Neiman Marcus becomes US retail casualty

Dallas-based luxury retailer will write off most of its $5bn debt in a deal that hands control to its lenders

Upmarket US department store chain Neiman Marcus has become the latest retail casualty of the pandemic after filing for Chapter 11 bankruptcy protection.

Its agreement with creditors will wipe out $4bn (£3.2bn) of a $5bn debt pile and provide $675m to keep trading while the Dallas-based chain tries to restructure. 

The lenders will take control of the retailer, mirroring a deal struck by J Crew on Monday to seek protection of its own.

Neiman Marcus is more than a century old and sells labels such as Dolce & Gabbana, Jimmy Choo and Valentino. It let most of its 14,000 employees go in March after closing all 43 stores, along with two Bergdorf Goodman outlets in New York and about two dozen outlet shops.

The company, saddled with unmanageable debt following a 2013 private equity takeover by Ares Management and the Canada Pension Plan Investment Board, last year struck a deal with creditors that avoided bankruptcy.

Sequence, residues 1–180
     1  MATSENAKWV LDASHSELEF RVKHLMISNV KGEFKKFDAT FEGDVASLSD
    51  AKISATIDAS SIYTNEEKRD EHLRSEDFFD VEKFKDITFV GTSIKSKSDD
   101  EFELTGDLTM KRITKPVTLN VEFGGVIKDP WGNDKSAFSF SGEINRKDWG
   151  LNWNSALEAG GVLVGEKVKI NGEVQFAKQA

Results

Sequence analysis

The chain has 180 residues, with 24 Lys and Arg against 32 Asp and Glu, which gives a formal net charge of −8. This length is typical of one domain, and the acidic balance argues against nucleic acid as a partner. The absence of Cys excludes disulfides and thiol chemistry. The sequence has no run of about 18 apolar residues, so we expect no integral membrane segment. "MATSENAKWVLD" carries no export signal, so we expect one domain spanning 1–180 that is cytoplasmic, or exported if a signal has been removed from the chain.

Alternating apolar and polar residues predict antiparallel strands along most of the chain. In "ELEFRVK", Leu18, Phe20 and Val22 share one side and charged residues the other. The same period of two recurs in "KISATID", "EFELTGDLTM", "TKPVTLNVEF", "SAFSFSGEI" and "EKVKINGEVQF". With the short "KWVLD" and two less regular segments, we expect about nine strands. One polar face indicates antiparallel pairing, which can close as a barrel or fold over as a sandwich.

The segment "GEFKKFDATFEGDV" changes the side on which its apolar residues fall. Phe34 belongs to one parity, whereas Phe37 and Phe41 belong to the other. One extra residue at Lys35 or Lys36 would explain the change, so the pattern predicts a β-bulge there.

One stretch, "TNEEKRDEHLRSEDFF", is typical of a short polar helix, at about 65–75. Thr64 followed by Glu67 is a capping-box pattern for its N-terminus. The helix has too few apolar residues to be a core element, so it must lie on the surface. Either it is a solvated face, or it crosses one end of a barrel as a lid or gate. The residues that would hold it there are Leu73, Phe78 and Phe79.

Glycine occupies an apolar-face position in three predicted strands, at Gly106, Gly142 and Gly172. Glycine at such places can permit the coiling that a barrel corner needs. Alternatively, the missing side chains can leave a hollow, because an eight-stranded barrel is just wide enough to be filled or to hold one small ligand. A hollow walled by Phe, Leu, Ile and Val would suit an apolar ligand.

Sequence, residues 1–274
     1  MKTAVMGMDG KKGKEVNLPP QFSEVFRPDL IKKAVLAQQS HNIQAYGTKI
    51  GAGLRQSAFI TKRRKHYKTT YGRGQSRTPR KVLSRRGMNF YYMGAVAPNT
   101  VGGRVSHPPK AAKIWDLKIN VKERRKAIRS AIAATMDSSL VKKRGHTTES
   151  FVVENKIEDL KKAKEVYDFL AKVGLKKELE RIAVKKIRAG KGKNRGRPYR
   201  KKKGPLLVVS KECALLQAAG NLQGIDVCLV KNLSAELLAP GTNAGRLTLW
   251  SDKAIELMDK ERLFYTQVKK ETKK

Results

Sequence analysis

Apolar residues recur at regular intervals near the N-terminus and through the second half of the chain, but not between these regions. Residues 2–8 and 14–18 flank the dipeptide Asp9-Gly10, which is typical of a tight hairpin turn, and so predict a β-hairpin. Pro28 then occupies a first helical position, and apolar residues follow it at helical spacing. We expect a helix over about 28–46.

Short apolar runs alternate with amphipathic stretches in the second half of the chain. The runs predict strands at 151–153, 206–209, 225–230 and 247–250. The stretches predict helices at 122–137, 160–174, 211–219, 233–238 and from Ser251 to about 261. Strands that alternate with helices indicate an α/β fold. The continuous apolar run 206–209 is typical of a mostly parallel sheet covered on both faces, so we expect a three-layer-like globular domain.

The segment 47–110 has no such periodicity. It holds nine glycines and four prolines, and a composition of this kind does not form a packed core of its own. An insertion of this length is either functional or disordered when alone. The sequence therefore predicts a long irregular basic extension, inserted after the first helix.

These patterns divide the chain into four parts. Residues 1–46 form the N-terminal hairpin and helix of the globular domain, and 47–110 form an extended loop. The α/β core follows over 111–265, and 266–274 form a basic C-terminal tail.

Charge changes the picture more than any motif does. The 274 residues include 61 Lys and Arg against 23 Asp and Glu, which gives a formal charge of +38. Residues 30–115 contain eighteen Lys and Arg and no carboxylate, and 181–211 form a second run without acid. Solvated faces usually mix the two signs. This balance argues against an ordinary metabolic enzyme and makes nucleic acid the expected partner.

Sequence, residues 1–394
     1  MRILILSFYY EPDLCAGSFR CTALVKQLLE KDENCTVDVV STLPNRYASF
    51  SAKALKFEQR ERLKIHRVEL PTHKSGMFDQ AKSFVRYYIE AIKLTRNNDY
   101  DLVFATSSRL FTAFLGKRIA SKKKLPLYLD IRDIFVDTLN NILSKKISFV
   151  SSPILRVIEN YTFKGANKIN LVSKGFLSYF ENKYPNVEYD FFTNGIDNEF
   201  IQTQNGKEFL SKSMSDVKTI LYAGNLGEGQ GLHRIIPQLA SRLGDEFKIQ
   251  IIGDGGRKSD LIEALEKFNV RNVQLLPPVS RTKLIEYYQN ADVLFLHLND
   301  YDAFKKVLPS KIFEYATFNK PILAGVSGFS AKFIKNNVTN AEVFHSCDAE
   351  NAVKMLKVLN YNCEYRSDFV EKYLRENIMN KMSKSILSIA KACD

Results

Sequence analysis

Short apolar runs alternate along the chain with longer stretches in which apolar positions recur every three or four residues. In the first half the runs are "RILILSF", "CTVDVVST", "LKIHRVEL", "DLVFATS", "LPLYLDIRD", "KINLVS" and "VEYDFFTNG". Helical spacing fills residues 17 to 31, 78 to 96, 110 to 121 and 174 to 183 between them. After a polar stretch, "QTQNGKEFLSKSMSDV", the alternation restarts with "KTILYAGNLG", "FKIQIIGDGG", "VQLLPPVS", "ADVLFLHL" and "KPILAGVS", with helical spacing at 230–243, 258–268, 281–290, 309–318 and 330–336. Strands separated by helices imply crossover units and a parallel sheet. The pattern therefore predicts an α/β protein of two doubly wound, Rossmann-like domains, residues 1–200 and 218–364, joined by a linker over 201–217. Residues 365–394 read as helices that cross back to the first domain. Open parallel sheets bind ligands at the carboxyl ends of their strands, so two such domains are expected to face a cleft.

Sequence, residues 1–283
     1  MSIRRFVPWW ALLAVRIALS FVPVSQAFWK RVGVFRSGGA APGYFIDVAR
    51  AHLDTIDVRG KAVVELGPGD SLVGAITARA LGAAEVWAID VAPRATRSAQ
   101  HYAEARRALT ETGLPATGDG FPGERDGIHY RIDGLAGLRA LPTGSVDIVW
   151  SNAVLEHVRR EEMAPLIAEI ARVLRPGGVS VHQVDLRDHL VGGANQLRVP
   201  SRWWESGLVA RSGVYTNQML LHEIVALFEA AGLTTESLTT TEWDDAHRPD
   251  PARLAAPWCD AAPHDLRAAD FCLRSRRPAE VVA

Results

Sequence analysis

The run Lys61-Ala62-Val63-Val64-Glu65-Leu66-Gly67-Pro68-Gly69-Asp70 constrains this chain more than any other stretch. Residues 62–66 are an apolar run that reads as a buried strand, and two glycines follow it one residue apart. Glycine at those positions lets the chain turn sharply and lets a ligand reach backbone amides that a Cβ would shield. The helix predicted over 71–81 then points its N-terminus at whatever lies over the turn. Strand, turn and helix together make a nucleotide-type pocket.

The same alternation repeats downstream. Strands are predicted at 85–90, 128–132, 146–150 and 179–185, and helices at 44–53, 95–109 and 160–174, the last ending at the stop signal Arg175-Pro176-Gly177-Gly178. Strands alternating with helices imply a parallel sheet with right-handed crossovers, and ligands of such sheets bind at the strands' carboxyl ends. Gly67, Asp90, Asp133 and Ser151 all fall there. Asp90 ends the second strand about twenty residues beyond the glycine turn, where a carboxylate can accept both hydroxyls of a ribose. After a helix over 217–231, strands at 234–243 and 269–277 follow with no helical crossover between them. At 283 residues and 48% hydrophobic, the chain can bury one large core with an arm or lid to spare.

However, being forced to close its physical stores proved to be the final straw even though about a third of its sales are made online.

Chief executive Geoffroy van Raemdonck told the Wall Street Journal: "Everything was going well in our transformation, but we had massive interest payments. Covid threw everything off track. This is an opportunity to reset our financial structure.”

S&P analyst Mathew Christy said last month that Neiman Marcus had struggled for years to adapt as shoppers abandoned the high street to go online and coronavirus had piled on even more pressure.

The company expects to emerge from the Chapter 11 in the autumn.